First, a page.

Ophthalmic Research – LI Jian

LI Jian



  • Master, Ophthalmology and Optometry, Wenzhou Medical University

Research Areas:

  1. Paediatric eye diseases
  2. Treatments of autoimmune-related uveitis



  1. Li, J. and Chu, W.K. (2016) Experimental autoimmune uveoretinitis model and intraocular inflammation. Hong Kong Journal of Ophthalmology. (In press).
  2. Rong, S.S., Tang, F.Y., Chu, W.K., Ma, L., Yam, J. C. S., Tang, S. M., Li, J., Gu, H., Young, A. L., Tham, C. C., Pang, C. P. and Chen, L.J. (2016) Genetic associations of primary angle-closure phenotypes: a systematic review and meta-analysis. Ophthalmology. S0161:1530-1534.


Research Highlights:

(1) Paediatric eye diseases

We are conducting a comprehensive eye examination program for children in Hong Kong. Primary 1- Primary 3 children are invited to join this program. This is a 3-year program, where all participants will have one comprehensive and free eye check-up annually. Children requiring ophthalmic attention will be promptly referred for follow-up and early treatment. Through this 3-year program, all participants will have their ocular health development in these critical ages closely monitored. Parents are also invited to fill up two sets of questionnaires on children’s diet and daily activity pattern, in order to identify the risk factors for developing the serious eye disease. Furthermore, both parents of each child participant are also invited to take part in this program, where free and fundamental eye examination will be provided.


(2) Treatments of autoimmune-related uveitis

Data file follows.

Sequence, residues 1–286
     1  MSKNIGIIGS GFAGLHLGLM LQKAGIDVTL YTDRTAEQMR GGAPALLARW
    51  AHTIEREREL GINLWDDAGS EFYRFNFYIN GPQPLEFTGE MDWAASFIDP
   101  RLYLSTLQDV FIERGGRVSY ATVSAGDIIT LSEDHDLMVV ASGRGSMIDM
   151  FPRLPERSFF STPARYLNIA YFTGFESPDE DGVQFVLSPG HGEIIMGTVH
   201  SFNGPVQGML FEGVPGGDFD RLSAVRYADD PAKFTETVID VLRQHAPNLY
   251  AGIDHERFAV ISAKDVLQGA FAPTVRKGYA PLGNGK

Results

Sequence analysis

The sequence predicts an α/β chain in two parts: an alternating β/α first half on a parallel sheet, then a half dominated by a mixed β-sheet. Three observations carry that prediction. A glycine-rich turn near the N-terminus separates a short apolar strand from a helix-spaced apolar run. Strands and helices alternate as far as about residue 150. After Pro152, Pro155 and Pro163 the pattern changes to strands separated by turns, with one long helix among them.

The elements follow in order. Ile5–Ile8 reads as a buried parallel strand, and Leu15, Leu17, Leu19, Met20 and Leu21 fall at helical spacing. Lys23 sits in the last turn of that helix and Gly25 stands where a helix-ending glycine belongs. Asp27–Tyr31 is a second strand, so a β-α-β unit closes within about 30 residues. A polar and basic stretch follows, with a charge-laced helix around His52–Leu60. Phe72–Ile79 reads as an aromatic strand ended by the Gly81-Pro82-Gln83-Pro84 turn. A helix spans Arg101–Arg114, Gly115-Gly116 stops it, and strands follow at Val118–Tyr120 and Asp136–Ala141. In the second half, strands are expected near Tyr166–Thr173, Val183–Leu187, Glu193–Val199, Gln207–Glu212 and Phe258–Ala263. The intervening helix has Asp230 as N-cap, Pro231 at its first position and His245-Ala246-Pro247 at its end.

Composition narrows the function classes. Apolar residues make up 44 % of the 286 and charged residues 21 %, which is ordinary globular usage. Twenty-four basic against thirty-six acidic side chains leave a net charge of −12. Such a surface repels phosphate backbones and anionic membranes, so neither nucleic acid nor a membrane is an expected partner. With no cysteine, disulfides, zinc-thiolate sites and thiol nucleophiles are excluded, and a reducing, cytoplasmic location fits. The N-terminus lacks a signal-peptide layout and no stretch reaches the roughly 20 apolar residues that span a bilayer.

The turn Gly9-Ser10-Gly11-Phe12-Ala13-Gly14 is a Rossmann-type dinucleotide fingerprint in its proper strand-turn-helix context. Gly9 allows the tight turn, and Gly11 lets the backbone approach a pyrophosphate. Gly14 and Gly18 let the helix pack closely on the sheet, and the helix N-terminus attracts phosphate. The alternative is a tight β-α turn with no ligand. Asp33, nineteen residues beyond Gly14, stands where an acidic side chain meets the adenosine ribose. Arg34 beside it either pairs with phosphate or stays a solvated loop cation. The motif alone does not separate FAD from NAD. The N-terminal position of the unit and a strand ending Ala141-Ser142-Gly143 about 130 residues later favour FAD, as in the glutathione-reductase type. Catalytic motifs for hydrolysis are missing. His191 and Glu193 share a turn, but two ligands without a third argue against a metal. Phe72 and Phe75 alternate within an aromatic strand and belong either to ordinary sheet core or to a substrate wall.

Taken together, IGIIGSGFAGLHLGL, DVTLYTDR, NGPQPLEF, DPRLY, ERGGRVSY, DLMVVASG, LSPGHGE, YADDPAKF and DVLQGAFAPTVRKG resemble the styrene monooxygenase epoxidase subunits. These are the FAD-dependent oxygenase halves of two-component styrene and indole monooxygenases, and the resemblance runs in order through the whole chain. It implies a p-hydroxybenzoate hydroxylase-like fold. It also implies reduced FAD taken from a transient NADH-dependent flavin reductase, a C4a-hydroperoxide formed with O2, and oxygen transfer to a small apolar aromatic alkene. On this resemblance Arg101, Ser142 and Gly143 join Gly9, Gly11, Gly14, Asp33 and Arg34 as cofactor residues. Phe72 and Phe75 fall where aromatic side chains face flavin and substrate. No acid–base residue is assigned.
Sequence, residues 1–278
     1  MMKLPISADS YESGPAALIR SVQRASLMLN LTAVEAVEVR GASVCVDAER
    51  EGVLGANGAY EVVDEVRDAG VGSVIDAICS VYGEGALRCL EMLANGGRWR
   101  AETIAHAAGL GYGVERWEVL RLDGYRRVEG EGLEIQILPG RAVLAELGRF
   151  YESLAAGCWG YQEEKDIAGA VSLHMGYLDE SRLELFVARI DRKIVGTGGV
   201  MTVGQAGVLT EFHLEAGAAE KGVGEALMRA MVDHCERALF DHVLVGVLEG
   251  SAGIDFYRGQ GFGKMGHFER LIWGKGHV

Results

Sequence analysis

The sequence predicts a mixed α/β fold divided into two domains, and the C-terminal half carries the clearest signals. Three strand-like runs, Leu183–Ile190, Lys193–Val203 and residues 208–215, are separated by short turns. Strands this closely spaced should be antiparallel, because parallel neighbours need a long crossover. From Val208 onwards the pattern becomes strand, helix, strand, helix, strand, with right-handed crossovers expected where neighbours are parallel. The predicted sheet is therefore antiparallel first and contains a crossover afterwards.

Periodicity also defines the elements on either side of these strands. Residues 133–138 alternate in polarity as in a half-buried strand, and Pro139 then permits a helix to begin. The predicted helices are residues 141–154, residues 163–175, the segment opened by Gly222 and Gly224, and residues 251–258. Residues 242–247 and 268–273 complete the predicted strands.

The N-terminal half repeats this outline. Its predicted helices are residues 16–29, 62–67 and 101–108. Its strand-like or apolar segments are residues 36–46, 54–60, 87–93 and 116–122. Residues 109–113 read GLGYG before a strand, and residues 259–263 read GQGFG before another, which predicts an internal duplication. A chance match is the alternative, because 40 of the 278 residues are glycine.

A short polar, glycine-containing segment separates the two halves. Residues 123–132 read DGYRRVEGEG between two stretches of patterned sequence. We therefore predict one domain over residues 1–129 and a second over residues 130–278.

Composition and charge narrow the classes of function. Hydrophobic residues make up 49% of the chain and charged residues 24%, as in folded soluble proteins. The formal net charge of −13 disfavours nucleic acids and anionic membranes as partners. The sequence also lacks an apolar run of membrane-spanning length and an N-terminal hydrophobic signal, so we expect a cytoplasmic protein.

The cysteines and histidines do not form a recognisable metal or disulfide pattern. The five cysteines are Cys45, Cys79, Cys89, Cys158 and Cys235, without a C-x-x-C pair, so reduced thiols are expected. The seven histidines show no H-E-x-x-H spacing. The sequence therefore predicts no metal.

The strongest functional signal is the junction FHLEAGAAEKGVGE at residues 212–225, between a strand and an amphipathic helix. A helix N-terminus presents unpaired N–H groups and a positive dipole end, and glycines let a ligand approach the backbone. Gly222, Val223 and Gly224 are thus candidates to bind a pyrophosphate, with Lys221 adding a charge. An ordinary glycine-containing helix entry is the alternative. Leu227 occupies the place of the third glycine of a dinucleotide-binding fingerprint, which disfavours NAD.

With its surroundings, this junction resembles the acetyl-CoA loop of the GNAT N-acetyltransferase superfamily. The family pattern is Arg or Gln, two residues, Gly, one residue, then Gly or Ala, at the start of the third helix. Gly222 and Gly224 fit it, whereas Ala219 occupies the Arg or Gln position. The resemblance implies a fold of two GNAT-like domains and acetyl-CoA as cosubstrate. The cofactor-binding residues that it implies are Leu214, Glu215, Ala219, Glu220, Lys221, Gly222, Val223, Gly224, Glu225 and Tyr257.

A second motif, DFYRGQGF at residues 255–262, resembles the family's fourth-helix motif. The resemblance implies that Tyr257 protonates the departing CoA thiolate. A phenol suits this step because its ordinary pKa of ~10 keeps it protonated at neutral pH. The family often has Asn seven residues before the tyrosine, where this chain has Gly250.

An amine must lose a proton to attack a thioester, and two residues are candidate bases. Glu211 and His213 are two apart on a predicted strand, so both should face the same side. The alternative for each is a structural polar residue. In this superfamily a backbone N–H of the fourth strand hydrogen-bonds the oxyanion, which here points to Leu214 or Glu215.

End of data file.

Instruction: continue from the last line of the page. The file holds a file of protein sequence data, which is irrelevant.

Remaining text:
Intraocular inflammation is one of the leading causes of visual damages. Human uveitis is a group of diseases characterized by inflammatory lesions of intraocular structures. Many cases are idiopathic, which could be classified as infectious uveitis and autoimmune-related uveitis. Comparing to the infectious uveitis, our knowledge and treatment options on autoimmune-related uveitis are still very limited. Therefore, for development of effective therapeutic strategies and agents, it is essential to explore the basic mechanisms and pathogenesis of autoimmune ocular diseases. Experimental autoimmune uveoretinitis (EAU) animal model has been widely used to study the physiopathogenesis of autoimmune inflammation. We are currently developing novel treatments for autoimmune-related uveitis by using the EAU animal model.

Figure 1. Histopathology of experimental autoimmune uveoretinitis in (A and B) C57BL/6J mouse (H&E stain, ×40) and (C) normal mouse (H&E stain, ×20). Cellular infiltrates in vitreous and retina (arrows) and retinal folds (asterisks) are shown.